Shoppers began lining up to purchase Apple Inc.’s AAPL -0.68% third-generation iPad on Friday, as the technology giant tries to widen its lead in the fast-growing tablet market.
Snapping Up New iPads
A man in a mask celebrated with Apple store’s staff after buying a new iPad in Tokyo Friday.
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Photos: The Apple Evolution
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Crowds were expected at Apple retail stores from Australia to Switzerland to become one of the first to buy the new iPad. The new tablet computer, priced starting at $499 in the U.S., has a higher-resolution screen and faster networking capabilities than its predecessor, which has dominated the market to date.
Apple stores in 10 countries, including Japan, France and the U.S., were opening at 8 a.m. local time Friday—in some cases, hours before usual—to accommodate what were expected to be big crowds. Select retailers like Best BuyCo., BBY +5.35% RadioShack Corp.,RSH +2.11% and Wal-Mart Stores Inc.WMT +0.25% will be selling the device as well.
Sales got under way first in Australia, where a queue of about 200 people stretched around the block outside Apple’s flagship store in Sydney Friday morning to be first to buy the new device. Police and security kept shoppers in line as hoots rang out inside the store as customers bought the new iPad.
Albert Chu, a 56-year-old bus driver from Sydney, bought two—a 64GB version for his daughter and 16GB version for his own use. “I will use it to trade stocks back in Hong Kong,” said Mr. Chu.
In Tokyo, more than 450 people stood in a line that stretched two blocks when the doors of the Apple store in the upscale Ginza neighborhood opened by 8 a.m. Most had started to line up once the early-morning commuter trains started running, according to 19-year-old college student Ryo Watanabe, who was the first in line.
Mr. Watanabe had taken turns waiting in line for 37 hours with his 20-year-old friend, Kento Inoue. Already an owner of the iPhone 4, iPhone 4S and the iPad 2, for which he had been around 14th in line to buy at its launch, Mr. Watanabe was determined to be first this time.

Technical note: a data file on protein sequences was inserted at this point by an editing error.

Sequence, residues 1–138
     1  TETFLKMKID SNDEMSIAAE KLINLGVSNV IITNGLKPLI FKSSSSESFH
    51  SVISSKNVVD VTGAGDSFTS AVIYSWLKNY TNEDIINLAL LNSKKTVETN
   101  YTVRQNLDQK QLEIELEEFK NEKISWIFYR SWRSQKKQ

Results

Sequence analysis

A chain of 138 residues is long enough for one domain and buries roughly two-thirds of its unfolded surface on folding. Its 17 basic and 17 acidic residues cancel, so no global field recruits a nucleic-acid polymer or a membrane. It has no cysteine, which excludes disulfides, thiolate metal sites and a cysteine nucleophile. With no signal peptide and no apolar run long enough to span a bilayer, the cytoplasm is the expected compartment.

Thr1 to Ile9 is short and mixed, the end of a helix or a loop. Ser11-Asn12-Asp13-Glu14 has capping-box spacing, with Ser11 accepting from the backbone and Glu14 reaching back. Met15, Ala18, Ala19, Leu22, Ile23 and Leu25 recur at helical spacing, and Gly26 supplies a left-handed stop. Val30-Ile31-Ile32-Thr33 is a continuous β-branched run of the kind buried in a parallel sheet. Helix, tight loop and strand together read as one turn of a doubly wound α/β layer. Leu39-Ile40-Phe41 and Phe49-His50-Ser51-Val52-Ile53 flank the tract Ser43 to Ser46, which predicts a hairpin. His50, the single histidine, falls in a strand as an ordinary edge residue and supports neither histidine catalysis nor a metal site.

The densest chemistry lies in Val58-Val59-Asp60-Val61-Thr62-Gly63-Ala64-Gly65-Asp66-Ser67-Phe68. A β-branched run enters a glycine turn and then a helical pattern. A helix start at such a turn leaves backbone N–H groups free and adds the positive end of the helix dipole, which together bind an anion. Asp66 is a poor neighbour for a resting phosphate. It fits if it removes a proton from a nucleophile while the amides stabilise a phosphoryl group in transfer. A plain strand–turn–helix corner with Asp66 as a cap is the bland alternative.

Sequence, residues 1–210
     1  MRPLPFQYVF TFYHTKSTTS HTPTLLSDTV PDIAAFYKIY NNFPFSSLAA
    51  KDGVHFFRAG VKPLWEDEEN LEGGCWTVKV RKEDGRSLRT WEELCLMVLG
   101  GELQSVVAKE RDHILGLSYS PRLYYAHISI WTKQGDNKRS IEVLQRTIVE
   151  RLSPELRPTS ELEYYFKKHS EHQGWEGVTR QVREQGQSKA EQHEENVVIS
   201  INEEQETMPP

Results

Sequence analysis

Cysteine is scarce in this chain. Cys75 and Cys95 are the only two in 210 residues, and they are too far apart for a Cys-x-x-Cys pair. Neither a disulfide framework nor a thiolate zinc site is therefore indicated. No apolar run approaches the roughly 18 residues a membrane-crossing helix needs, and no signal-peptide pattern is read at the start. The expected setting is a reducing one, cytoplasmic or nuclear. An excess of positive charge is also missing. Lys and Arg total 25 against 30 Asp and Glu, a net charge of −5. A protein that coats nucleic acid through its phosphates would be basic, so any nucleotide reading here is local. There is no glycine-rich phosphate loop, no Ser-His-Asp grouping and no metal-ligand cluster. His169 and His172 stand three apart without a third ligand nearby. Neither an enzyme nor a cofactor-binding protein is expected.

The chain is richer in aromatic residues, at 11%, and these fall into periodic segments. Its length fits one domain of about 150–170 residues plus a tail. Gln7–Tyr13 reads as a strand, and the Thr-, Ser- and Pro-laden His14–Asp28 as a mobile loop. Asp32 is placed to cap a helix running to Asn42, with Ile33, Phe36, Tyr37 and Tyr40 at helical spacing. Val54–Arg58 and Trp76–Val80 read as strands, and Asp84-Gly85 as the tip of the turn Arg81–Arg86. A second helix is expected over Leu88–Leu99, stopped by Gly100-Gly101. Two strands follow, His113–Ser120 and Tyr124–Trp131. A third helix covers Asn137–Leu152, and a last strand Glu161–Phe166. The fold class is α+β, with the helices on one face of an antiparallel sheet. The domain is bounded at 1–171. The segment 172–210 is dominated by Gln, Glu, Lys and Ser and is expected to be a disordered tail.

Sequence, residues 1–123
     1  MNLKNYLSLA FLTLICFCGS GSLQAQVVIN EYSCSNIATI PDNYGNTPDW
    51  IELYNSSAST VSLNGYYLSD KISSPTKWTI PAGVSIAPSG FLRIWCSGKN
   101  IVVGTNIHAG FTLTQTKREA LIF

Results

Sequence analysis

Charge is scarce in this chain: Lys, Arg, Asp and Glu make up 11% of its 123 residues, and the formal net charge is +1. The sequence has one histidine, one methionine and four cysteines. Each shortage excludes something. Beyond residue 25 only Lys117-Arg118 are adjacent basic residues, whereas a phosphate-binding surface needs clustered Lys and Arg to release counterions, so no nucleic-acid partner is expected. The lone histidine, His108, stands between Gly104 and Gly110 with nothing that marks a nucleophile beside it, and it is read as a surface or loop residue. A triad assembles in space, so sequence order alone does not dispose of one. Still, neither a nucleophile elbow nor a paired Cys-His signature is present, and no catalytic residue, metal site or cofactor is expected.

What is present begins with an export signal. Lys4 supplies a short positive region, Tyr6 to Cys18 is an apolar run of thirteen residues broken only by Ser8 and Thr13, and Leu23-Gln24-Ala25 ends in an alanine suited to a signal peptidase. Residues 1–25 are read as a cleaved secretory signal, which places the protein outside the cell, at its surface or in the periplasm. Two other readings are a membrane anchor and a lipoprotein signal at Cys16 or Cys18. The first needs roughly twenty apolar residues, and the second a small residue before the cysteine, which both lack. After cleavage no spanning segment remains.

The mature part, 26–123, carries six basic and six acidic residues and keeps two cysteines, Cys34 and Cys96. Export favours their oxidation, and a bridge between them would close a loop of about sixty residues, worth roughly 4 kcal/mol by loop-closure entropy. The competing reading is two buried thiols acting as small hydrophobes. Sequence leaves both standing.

“The fact that the display has gotten better is a big enough reason for me to get it,” he said.
In Hong Kong, the mood outside the recently opened Apple store in the city’s Central district was more muted. Apple employees were the rowdiest bunch, cheering and clapping as the customers were led inside.
Earlier in the week, dozens had queued for days near the Hong Kong Apple store, despite police efforts to disperse them. In a bid to discourage scalpers, Apple implemented an “iReserve” system that required customers to place reservations online. Demand overwhelmed the number of reservations available Thursday, and only those with email confirmations were allowed to purchase the device Friday.
The anticipation for the latest iPad has built steadily since it was announced last week by Apple Chief Executive Tim Cook at an event in San Francisco. The device is the first major product launch for Apple since the latest iPhone went on sale in October, and the company needs very strong sales for each new device it sells to meet Wall Street’s lofty expectations.
This time, Apple is trying to hold on to its roughly 60% share of the tablet market with a product that is considered a refinement of last year’s iPad 2, with a speedier graphics processor and voice dictation capabilities. Overall, Apple said it has sold more than 55 million iPads as of December.
But analysts said the lack of a dramatic design change in the new iPad could cause some customers to pass on purchasing–though other Apple products, such as the iPhone 4S, have thrived despite their physical similarities to previous generation products. If customers do decide to skip the newest iPad, Apple’s sales could still be buoyed by the existing iPad 2, which the company will continue to offer at a lower cost. The 16-gigabyte, wi-fi only model, for instance, will now cost $399.